The stuff in the eval_file file doesn't know about the stuff loaded by the run_file

I always begin by doing a run_file in buffer #0 to load my functions and constants so that I can run those functions in my main working buffer #7. The main working buffer contains a lot of variables that I don’t alter, but mix and match them as parameters to my functions that were loaded in buffer #0. The main working buffer gets cluttered, but I do want all its materials available at all times, so I tried putting it all in a file, then doing an eval_file on that file at the top of my working buffer. But then I get a runtime error when the first constant encountered in the eval_file file is considered uninitialized. If the one-time run_file file’s stuff is visible to everything in my working buffer, how can I make the eval_file file aware of it? Inline, all the content of the file being eval’ed sees the loaded library, and I thought eval_file just inlines its content, like an include statment. I don’t want to put the run_file in the working buffer because it’s large, and I frequently re-load the working buffer when I change stuff in it as part of the performance.

That is a big paragraph :sweat_smile: what would be super helpful, if you are happy to add it, is a minimal code example to demonstrate the issue, so that it is easily reproducable :slightly_smiling_face:

I have a file named library-1.rb that contains the following:


In buffer #0, I execute:

run_file "~/mystuff/1-1.rb"

I have a file named 1-1.rb that contains the following:

myArray = []
myArray[CONSTANT] = 2

In buffer #7, I execute:
eval_file "~/mystuff/1-1.rb"

which results in the runtime error “uninitialized constant SonicPi::Lang::Core::CONSTANT”

But if I directly execute

myArray = []
myArray[CONSTANT] = 2

in buffer #7, there’s no error.

I don’t understand why constants (and variables) in the library that’s been run_file’ed and that are known in buffer #7 aren’t known in the file that’s eval’ed in buffer #7. I guess I’m looking for an include-type statement that would just inline the text rather than eval it. Is there a workaroun?

Yeah I can confirm that I have reproduced that issue (on Windows).

One workaround is to use a define for your constant in the run_file’d file - messy but seems to work for me.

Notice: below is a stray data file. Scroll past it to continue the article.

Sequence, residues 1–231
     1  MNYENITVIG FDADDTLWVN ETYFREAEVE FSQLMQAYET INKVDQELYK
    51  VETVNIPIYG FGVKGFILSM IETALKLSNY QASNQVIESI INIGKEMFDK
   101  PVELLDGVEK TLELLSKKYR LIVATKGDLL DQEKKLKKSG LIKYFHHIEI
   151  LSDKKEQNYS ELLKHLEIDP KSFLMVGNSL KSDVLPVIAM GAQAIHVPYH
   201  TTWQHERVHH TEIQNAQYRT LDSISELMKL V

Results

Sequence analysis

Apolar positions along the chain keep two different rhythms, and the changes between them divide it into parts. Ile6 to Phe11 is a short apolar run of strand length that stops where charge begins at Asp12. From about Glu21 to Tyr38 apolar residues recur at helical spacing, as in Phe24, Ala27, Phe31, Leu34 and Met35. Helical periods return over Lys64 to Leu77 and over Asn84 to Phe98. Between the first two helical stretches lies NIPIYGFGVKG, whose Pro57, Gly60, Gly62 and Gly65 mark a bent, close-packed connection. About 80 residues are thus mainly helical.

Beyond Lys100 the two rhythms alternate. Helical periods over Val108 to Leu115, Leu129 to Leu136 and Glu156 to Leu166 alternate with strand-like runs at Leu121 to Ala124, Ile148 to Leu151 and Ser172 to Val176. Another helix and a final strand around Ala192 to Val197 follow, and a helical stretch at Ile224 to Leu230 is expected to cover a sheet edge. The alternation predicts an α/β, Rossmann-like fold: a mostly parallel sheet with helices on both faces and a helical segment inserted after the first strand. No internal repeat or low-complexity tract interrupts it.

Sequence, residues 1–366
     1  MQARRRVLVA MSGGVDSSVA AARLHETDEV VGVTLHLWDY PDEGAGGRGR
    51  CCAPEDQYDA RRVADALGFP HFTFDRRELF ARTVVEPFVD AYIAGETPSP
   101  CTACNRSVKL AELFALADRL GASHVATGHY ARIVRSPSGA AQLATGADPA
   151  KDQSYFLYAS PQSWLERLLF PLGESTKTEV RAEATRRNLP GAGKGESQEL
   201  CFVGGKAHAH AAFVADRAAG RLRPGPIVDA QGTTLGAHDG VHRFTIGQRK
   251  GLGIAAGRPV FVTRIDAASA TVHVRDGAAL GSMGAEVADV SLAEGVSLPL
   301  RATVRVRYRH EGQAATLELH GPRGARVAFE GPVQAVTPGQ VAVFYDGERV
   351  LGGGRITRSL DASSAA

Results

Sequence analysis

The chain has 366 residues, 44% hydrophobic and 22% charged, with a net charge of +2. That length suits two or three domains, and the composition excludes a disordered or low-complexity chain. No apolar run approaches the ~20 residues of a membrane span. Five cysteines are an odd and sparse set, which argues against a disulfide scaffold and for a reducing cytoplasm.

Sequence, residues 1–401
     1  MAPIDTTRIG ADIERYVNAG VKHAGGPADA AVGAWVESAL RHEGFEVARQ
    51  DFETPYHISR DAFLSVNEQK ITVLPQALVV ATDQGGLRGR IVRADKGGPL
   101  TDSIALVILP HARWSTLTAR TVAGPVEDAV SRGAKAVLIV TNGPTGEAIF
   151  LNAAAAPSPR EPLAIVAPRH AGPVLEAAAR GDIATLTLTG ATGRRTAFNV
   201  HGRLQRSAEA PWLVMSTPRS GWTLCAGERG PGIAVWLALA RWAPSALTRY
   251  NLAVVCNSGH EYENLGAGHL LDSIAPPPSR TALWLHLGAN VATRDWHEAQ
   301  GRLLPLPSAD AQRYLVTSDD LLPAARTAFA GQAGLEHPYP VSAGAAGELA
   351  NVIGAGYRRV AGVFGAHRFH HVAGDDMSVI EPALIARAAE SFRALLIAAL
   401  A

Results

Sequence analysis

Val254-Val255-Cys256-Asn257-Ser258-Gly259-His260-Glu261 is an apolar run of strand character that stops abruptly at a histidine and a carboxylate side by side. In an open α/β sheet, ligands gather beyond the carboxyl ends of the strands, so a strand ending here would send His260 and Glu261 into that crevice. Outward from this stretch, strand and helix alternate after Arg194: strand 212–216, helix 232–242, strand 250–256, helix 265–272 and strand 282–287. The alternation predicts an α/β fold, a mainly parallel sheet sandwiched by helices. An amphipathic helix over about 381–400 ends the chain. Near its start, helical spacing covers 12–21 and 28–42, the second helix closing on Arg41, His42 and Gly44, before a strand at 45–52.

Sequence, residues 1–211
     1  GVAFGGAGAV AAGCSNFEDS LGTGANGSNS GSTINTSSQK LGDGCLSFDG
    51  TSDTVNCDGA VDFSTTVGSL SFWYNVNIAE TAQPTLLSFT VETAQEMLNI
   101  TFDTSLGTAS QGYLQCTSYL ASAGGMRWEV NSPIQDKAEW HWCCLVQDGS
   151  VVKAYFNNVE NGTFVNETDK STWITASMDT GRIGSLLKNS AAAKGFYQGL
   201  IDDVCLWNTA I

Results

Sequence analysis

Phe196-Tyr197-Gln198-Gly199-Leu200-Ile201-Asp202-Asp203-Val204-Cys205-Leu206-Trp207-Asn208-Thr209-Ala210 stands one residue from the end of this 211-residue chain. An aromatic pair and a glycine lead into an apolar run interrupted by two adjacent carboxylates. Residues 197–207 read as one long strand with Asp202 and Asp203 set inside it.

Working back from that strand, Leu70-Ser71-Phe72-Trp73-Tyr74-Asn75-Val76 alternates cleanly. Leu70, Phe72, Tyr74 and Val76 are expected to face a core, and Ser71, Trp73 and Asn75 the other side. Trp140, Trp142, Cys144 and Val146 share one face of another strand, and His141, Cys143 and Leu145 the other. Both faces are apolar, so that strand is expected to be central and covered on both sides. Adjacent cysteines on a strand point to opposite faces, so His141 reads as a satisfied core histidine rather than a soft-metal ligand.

define :constant33 do

Did you infact mean the second line to say:

run_file "~/mystuff/library-1.rb"


In any case, @samaaron will be able to explain it better than I can, but I believe the issue here is that eval_file does not namespace the constants like run_file does. As far as I understand it, functions like run_file and run_code (as well as code run directly in a Sonic Pi buffer) are placed in a special namespace behind the scenes, since this code is evaluated within a Sonic Pi ‘Run’.
Code called via eval_file on the other hand, is evaluated directly, without being placed in the usual namespace - so there will be a scope mismatch for any constants that are defined in this manner.

Keep in mind of course that we never intended Sonic Pi to support constants in the ‘traditional’ sense - Sonic Pi is not Ruby :wink:

As for workarounds, @horza’s suggestion is one way. Another is to use the Time-State store to set and get your ‘global’ values.

(P.S. - In case it’s useful, are you aware of the init.rb file? this would allow you to load arbitrary code on Sonic Pi start up, without having to manually Run buffer 0 :slightly_smiling_face: )

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Yes, run_file fixes the problem for SPI’s version of constants. I’d reduced my toy too much for my question. The problem remains with variables.

If my file 1-1.rb contains myArray2 = [1, 2, 3, 4, 5]

then, in my buffer, I do:

run_file "<PathToFile>/1-1.rb"
print myArray2

I get “undefined local variable” runtime error.I get the same error if I use eval_file instead. Of course, if my buffer has:

myArray2 = [1, 2, 3, 4, 5]
print myArray2

it works properly

By the way, init.rb isn’t practical for stuff I’m making incremental changes to for development purposes. In a previous thread, I think it was you who referred me to run_file for this use case. For the current problem, I tried eval_file as a guess, but the functionality I’m after is being able to put variables in an external file for convenience of having a lot of material on hand without cluttering up (or overruning) the buffer I’m working in.